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Betting on market volatility? Here's what you need to know

  • The CBOE Volatility Index, or VIX, is a key measure of market expectations of a near-term volatility conveyed by S&P 500 stock index option prices.
  • The VIX has closed 17 times below 10 this year and close to 50 times below 11 over the past decade.
  • The VIX is down 74 percent since the global financial crisis of September 2008. The index hit a massive 80.86 in November 2008 – the days following the bankruptcy of Lehman Brothers.

Historic low market volatility is spurring investors to find returns in new places, with some rushing their money into what is sometimes referred to as "the most dangerous trade in the world."

In a research note to clients, David Lafferty, chief market strategist at Natixis Asset Management, explained that super-low volatility has spurred a new sub-industry – "shorting" volatility with a number of exchange-traded funds and derivative products that have a "V" in their tickers.

The CBOE Volatility Index, or VIX, is a key measure of market expectations of a near-term volatility conveyed by S&P 500 stock index option prices. The VIX, widely considered as a measure of fear and uncertainty in the market, closed the day after the French election on May 9 at 9.77, its lowest level since December 1993. The VIX is currently trading at 10.4 and is down 26 percent year-to-date.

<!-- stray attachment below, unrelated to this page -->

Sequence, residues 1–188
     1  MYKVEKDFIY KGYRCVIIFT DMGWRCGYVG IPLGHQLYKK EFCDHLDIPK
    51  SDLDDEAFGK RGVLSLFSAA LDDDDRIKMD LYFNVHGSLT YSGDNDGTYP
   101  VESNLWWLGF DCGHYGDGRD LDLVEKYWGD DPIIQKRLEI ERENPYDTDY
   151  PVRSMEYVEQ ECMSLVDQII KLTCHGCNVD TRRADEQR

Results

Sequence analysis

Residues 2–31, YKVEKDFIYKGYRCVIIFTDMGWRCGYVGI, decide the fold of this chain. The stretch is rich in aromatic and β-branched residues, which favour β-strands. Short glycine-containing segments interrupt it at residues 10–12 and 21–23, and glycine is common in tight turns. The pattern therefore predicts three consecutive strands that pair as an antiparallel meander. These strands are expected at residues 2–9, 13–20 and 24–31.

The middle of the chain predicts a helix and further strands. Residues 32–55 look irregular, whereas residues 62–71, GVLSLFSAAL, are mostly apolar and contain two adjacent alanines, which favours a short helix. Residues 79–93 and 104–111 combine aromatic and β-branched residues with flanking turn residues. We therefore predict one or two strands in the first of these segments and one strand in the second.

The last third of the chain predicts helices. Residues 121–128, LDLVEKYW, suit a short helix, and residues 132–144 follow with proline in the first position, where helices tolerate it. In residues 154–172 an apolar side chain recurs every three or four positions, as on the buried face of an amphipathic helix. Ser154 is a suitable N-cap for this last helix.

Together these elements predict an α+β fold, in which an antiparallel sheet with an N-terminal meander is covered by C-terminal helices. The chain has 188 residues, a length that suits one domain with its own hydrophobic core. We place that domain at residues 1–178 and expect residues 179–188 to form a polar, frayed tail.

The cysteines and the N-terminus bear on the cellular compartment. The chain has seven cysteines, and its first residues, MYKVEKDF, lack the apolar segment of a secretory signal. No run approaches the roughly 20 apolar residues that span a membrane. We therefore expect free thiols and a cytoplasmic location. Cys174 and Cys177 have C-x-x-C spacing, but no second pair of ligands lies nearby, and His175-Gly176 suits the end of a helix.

A stock chart is displayed on a terminal as traders work on the floor of the New York Stock Exchange.
Daniel Acker | Bloomberg | Getty Images
A stock chart is displayed on a terminal as traders work on the floor of the New York Stock Exchange.

"During this period of low volatility, shorting volatility has become incredibly profitable," Lafferty explained. Shorting refers to a trading technique where investors bet that an asset or security will fall in price.

"To the casual observer this may seem odd: Shorting an investment profitably requires borrowing and selling the asset now while later repurchasing it at a lower price (and pocketing the difference). But volatility hasn't been falling. It fell dramatically after the Great Financial Crisis and, with some sporadic exceptions, has remained mired below 15 in the past several months – and more recently below 10."

In July, Boris Schlossberg of BK Asset Management, told CNBC that betting on unusual volatility could be "the most dangerous trade." He referred to the XIV exchange-traded note, a product designed to deliver the inverse performance of the VIX index.